Children diagnosed with Autism Spectrum Disorder have all the same preventative and well care needs as all children.
Working with your child’s doctor to make your son or daughter’s medical experience productive is important as your child grows and changes. Often more time is required for appointments. Introducing your child to office staff, and familiarizing your child with the office may be helpful if your child has difficulties with social interaction and/or communication.
Autism is a spectrum disorder, meaning it has many forms that affect people in a variety of ways. It has been noted that these following health issues may also be experienced by those with ASD.
Some children with autism have an identifiable genetic condition that affects brain development. These genetic disorders include Fragile X syndrome, Angelman syndrome, tuberous sclerosis, chromosome 15 duplication syndrome and other single-gene and chromosomal disorders. Some of these syndromes have characteristic features or family histories. If this is your experience then your doctor may refer your child to a geneticist or neurologist for further testing.
Autism and Epilepsy
Epilepsy is a brain disorder marked by recurring seizures, or convulsions. The autism-epilepsy overlap appears to be most common among people who also have intellectual disability. (Amiet 2008)
Identifying and effectively treating epilepsy is critically important. While the association between epilepsy and autism is well known, diagnosis can be challenging because seizures are not always outwardly evident, and many people with autism have difficulty recognizing and communicating their symptoms. Like autism, epilepsy exists on a spectrum. Severity varies widely. In addition, experts now distinguish seizures by where they begin in the brain. This is important because it affects the choice of seizure medication, the potential benefit of epilepsy surgery, future outcomes and possible causes. (Fisher 2017)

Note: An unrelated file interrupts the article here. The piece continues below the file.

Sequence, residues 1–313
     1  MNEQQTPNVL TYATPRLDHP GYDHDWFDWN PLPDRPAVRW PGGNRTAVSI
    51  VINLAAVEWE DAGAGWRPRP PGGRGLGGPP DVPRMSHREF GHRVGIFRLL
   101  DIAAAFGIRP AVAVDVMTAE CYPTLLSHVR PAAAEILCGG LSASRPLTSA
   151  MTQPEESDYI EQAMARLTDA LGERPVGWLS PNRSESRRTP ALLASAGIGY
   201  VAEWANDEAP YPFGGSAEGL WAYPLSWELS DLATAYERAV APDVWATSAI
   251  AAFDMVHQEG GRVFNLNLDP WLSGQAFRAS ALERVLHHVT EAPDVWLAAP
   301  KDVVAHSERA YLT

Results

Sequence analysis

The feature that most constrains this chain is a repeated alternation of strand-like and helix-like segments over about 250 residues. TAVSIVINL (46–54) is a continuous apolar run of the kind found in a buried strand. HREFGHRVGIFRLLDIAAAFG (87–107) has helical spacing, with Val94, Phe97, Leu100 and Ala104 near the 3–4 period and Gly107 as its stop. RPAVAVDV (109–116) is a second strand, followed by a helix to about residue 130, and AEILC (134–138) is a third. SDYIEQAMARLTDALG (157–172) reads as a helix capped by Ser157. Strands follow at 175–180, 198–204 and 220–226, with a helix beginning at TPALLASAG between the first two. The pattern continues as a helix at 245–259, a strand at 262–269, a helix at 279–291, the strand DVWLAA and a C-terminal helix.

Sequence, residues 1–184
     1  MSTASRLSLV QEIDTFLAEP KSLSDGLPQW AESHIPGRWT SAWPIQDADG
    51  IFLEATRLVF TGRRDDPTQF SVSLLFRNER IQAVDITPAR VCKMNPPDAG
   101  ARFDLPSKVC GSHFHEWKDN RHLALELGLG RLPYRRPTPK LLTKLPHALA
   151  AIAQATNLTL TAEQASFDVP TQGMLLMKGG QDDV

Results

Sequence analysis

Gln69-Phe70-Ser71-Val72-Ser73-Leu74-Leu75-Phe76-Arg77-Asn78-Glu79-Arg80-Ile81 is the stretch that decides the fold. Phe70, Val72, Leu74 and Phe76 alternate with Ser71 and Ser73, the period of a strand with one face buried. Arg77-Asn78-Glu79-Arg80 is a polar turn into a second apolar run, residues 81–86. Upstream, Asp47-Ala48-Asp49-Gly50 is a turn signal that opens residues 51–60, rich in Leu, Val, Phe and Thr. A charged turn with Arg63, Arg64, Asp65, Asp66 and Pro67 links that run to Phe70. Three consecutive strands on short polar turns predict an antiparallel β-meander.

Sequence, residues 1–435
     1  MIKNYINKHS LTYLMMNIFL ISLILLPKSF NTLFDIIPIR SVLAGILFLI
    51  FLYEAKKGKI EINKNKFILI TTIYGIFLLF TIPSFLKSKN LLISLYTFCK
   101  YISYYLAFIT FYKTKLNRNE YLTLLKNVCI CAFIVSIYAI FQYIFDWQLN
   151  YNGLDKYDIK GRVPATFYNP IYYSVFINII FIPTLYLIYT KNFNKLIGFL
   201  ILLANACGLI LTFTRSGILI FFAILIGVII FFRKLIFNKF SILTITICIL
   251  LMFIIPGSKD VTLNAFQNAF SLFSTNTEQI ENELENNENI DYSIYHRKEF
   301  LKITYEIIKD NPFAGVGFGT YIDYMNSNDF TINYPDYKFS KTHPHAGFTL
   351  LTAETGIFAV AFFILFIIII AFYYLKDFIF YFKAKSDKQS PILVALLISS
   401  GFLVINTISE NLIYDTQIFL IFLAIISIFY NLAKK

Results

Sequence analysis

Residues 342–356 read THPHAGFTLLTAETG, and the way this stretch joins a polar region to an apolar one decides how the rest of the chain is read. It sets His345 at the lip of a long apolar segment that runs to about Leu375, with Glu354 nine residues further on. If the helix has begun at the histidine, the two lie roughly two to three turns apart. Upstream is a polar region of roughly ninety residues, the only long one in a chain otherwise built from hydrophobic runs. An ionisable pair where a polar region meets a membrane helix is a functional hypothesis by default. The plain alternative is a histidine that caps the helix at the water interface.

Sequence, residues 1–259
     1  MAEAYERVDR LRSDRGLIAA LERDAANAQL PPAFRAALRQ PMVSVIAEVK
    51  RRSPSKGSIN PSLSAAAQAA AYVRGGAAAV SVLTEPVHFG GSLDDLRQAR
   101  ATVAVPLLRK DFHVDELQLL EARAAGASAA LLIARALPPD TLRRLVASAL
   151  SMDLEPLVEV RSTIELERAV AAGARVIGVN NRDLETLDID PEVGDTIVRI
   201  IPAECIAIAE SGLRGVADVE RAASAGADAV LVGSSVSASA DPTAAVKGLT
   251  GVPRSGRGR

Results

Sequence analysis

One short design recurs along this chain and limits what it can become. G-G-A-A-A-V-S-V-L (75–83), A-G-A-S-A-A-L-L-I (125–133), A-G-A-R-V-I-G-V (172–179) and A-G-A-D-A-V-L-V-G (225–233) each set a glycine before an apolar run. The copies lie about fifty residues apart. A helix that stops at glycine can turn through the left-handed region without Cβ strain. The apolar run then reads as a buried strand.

Richard Morse, MD, Pediatric Neurologist and Epileptologist at Dartmouth Hitchcock Medical Center in Lebanon NH, and Stephen Mott, MD, Developmental Cognitive Neurologist and Assistant Professor of Neurology & Pediatrics at Dartmouth Hitchcock Medical Center in Lebanon, NH discuss epilepsy and autism spectrum disorders, and aspects to consider regarding co-occurrence.
EEG Tool Kits from AS-ATN/AIR-P
Parents and providers may have concerns or questions about how to help children with ASD successfully complete EEGs, which can be very difficult for individuals with autism. Two tool kits (one for parents and one for providers) are now available through Autism Speaks providing information about the EEG procedure, how a child’s ASD diagnosis might impact his or her experience and how to help children with ASD successfully prepare for and complete an EEG.
Download the tool kits:
Having an Electroencephalogram (EEG) A Guide for Parents
Having an Electroencephalogram (EEG) A Guide for Providers
♥ For more information about Epilepsy see our Epilepsy pages
Gastrointestnal (GI) disorders
Many parents report gastrointestinal (GI) problems in their children with autism. Pain caused by GI issues is sometimes recognized because of a change in a child’s behavior, such as an increase in self-soothing behaviors like rocking or outbursts of aggression or self-injury. If your child has similar symptoms, you will want to consult a gastroenterologist. Your child’s physician[TO1] or health insurance company should help you find an appropriate specialist. More information is available at Autism Speaks.